THE PALOMAKI FAMILY FUND
Education. Innovation. Sustainability.
Welcome to Greendale
Welcome to Greendale, a green home remodel project targeted to receive a USGBC LEED for Homes Platinum rating!
We'll point out some of the decisions we've made and how we got there. We'll even ask you some questions, so you can join the discussion and help us along. We hope you'll be able to take away something that you'll be able to use in your green remodeling or homebuilding project, whether you're a homeowner, an architect, or a builder.
SUMMARY: A couple with young children buys the 1930s colonial house in which the wife grew up. Since they have to remodel, they decide to do a "green" remodel with improved energy efficiency, better indoor air quality, and sustainable materials and practices to create a safer, healthier, and more environmentally friendly home in which to raise their family. In addition, the move provides them with a "right-sized" home and a more sustainable location, with a greater number of amenities within walking distance to reduce the need to use a car for transportation. With little additional effort, they decide to pursue a LEED for Homes Platinum rating and use the project to help educate and inspire others about sustainable building and remodeling.
When the homeowners found out they were expecting, they started to think more about living in, and leaving for their children, a safe and healthy environment. Then the house her family lived in for nearly 50 years became available. The home is a 1930s colonial, 3BR, 1.5 BA, near a beautiful and active park. The couple was challenged to think about moving from their wonderful friends in their comfortable upscale suburban/rural neighborhood.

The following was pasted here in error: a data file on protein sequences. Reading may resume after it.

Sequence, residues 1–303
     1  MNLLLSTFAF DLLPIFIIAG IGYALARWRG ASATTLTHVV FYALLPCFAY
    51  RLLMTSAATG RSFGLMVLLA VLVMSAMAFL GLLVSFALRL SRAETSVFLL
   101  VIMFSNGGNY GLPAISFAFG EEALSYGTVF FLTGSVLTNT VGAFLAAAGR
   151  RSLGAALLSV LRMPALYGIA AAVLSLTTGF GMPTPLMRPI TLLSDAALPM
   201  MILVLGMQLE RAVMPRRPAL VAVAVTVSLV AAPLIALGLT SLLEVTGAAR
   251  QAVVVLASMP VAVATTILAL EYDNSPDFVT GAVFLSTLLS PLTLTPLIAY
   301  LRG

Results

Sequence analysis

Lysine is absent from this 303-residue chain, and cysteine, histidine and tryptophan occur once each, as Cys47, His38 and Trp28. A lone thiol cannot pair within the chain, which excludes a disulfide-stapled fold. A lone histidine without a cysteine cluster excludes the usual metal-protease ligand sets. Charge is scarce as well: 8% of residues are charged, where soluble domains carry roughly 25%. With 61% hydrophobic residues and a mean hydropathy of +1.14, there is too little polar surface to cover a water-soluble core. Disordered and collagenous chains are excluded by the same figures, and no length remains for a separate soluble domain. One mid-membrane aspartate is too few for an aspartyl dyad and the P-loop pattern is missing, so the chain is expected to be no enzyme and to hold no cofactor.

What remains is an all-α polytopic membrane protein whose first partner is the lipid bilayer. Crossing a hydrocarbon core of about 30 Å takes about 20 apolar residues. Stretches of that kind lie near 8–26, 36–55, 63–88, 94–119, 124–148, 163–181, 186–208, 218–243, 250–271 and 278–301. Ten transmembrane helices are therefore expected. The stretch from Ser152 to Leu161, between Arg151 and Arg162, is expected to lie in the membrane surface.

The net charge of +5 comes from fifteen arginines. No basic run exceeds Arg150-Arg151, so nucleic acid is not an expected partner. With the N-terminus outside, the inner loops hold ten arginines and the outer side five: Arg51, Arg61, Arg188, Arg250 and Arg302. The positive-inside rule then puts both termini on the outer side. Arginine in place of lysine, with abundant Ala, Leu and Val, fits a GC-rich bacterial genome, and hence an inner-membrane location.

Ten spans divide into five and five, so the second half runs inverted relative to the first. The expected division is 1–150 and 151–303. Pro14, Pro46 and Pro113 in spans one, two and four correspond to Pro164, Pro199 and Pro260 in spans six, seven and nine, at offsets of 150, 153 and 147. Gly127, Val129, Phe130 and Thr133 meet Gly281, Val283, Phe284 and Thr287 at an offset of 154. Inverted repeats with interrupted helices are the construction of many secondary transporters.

They started to consider the house a great location for raising the children and maintaining their own health. The advantages include the park and its many activities; grocery stores, restaurants, schools, shops, and services within walking distance; proximity to New York City; and greater socio-economic and cultural diversity.
Since the house needed considerable updating anyway, they decided to take the opportunity to do a "green" remodel. The residence is being remodeled using many of the latest environmentally responsible methods and materials. The benefits will include lower operating costs, lower carbon footprint, a healthier home, and better environmental stewardship. It will serve as a model of how to "green" an older traditional-style house on a modest budget and how traditional builders can adapt to green building techniques. The house is targeted for a LEED for Homes Platinum rating from the U.S. Green Building Council. (Only one home in New Jersey is currently rated Platinum, and that is new construction.)
The homeowners have already extended their enthusiasm about their project to their family, friends, neighbors, and township. They have led the formation of a community group to encourage sustainability, with successes already achieved in adoption of green building guidelines into the town's redevelopment plans, reduction of paper use by the township, sponsorship of a community "green fest", the town's interest in alternative fuel vehicles, and articles and profiles in the township newsletter and local press.